*Halfway through the show, one of the dudes in front of me left and his friend tried to save his spot until he realized he wasn't coming back and I proceeded to bro down with this random dude for the rest of the show. Jenny apparently pushed me forward because she thought I needed to brodown, which is why I love her. She knows me so well!

*Three encores! Two of which I kind of forgot due to being right plastered, but I know they closed with “Weedking” and I never really liked that song too much but man it was fucking AMAZING. FREEDOM CAKE! QUICK TO BAKE!

*Mitch Mitchell sang one of the songs, but I forgot which one. “Lethargy,” maybe?

*I didn't realize this until just now, but they didn't play “Don't Stop Now.” OH WAIT YES THEY DID! And I was wasted by this point (it was in one of the encores) but I am pretty sure I remember pollard doing the “Many more where we come from...NOT” line. Wait, did they play it? Shit, I can't remember. I KNOW They played “Exit Flagger” though and that was fucking awesome. Wait, did they play that? I shoulda paid more attention. Guess I was too busy having the greatest time EVER.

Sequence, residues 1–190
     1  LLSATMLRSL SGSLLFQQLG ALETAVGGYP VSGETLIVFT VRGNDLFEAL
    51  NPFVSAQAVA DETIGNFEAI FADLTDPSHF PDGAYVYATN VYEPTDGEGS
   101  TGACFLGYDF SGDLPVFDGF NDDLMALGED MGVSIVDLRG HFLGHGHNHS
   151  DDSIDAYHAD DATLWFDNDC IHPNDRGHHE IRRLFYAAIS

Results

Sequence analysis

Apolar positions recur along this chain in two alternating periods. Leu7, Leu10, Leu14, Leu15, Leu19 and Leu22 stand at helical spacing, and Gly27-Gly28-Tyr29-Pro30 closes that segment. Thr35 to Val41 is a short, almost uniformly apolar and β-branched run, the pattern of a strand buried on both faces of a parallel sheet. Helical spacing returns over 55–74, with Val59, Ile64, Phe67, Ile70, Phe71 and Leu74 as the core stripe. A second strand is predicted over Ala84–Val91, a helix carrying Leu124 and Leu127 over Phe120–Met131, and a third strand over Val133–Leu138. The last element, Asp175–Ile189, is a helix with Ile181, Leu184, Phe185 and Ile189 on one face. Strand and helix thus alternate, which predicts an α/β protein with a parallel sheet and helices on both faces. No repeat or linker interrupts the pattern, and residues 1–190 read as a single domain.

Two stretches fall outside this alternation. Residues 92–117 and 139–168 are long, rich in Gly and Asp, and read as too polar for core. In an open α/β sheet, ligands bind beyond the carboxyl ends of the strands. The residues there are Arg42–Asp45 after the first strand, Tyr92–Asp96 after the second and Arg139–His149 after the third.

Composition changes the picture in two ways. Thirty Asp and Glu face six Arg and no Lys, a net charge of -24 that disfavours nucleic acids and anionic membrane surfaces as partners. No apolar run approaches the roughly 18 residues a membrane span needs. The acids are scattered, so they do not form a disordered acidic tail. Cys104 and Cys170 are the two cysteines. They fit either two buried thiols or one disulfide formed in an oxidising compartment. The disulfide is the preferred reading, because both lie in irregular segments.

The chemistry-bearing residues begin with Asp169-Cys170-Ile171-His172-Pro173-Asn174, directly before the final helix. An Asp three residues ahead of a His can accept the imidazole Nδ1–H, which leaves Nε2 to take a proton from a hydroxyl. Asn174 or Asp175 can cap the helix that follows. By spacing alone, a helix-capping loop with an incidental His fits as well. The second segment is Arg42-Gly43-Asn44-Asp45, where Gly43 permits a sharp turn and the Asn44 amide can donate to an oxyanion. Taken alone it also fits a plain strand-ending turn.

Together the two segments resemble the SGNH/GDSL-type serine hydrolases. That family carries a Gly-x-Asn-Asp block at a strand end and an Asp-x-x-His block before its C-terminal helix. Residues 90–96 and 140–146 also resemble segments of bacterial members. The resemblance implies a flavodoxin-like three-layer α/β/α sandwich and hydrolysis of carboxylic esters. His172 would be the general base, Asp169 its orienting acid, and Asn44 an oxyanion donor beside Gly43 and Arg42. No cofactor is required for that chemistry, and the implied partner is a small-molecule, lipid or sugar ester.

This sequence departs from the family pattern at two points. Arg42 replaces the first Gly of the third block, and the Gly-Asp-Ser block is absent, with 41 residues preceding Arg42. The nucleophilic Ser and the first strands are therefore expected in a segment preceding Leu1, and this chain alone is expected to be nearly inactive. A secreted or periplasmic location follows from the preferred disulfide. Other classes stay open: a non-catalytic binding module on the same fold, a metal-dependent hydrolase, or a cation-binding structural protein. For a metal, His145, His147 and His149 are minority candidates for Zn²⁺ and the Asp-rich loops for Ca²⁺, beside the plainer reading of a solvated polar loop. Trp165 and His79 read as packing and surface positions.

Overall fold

*Times New Viking opened and their reverence to GBV was almost kind of off putting since they're such a good band. The singer drummer dude started counting down the songs they had left til GBV, which was sweet, and though I was kind of not in the mood, a few songs in I started getting really into their set and noticed things I hadn't when I'd seen them before (their guitarist is great) when they opened for other indie rock legends Yo La Tengo and the Breeders (two separate shows, years apart). It's nice to see them being courted by the greats. I saw the guitarist and the drummer rocking out to the Clean at Garage Fest a couple weeks ago, and that endeared me to them even more.